Academic integrity is essential to the continued functioning of the University of British Columbia as an institution of higher learning and research. Students at UBC, as members of an academic community dedicated to excellence in scholarship, must meet the highest standards of personal, ethical and moral conduct. Commitment to these standards is essential in helping the University meet its obligations to discover knowledge, enhance understanding and encourage creativity. It is through the commitment of its faculty, staff and students to these principles and standards, that UBC fosters a high respect for our graduates, our scholarship and our integrity. Members of the University community who fail to live up to these expectations may be disciplined. The University’s principles and procedures on academic misconduct are available in the UBC Calendar.


A student will only receive credit for work that is the product of the student’s own effort and insight. It is the student’s obligation to inform himself or herself of the applicable standards for academic honesty. Students must be aware that standards at The University of British Columbia may be different from those in secondary schools or at other institutions. Penalties will be imposed in instances where it is clear that students are submitting work as their own that has been done, in whole or in part, by others. No such penalties would apply in clearly defined situations where collaborative work is authorized. A student who is in any doubt regarding standards of academic honesty in a course or assignment should consult his or her instructor before submitting any work. Academic misconduct that is subject to disciplinary measures includes, but is not limited to, engaging in, attempting to engage in, or assisting others to engage in the following:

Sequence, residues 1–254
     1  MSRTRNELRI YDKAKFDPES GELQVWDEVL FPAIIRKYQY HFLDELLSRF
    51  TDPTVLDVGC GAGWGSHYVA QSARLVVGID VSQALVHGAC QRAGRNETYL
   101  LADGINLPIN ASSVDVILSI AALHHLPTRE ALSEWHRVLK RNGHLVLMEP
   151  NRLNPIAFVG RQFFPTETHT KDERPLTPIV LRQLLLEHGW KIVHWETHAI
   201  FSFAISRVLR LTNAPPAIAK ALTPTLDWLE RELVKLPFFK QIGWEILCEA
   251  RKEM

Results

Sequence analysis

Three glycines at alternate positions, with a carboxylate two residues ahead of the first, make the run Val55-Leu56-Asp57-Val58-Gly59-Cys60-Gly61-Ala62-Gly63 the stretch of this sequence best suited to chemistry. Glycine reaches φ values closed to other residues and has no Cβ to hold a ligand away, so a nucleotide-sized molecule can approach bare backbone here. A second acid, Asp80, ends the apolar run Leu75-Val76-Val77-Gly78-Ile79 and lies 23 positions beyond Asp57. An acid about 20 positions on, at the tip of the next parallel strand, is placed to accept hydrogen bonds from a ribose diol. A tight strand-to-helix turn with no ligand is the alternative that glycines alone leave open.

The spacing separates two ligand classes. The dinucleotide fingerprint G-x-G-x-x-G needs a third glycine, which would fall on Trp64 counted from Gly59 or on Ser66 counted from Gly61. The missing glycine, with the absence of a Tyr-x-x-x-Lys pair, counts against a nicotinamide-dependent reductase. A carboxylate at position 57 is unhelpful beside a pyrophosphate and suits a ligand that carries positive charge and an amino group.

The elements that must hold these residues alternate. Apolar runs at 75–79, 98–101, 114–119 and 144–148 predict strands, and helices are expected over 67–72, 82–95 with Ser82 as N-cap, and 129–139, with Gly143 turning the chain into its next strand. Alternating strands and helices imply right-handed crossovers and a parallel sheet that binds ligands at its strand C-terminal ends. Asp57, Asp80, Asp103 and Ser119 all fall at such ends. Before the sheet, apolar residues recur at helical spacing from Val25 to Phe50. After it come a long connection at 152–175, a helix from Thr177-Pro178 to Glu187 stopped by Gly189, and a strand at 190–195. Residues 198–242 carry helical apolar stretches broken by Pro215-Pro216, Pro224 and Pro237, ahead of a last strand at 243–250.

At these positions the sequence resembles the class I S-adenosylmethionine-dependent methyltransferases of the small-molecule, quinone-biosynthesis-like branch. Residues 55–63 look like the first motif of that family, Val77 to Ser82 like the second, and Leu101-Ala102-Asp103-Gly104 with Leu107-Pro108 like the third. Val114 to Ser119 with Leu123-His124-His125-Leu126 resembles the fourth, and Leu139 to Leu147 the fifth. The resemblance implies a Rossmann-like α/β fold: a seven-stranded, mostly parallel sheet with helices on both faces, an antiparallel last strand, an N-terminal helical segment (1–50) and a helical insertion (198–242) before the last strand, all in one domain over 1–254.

1. Plagiarism: Plagiarism occurs where an individual submits or presents the oral or written work of another person as his or her own. This includes submitting the same, or substantially the same, essay, presentation, or assignment more than once (whether the earlier submission was at this or another institution) unless prior approval has been obtained from the instructor(s) to whom the assignment is to be submitted. Scholarship quite properly rests upon examining and referring to the thoughts and writings of others. However, when another person’s words or ideas are used, the author must be acknowledged in the text, in footnotes, in endnotes, or in another accepted form of academic citation. Where direct quotations are made, they must be clearly delineated (for example, within quotation marks or separately indented). Plagiarism encompasses situations in which there is no recognition given to the author for phrases, sentences, or ideas of the author incorporated in a work to situations in which an entire work is copied from an author, or composed by another person, and presented as original work. Plagiarism should not occur in submitted drafts or final works. A student who seeks assistance from a tutor or other scholastic aids must ensure that the work submitted is the student’s own. Students are responsible for ensuring that any work submitted does not constitute plagiarism. Students who are in any doubt as to what constitutes plagiarism should consult their instructor before handing in any assignments.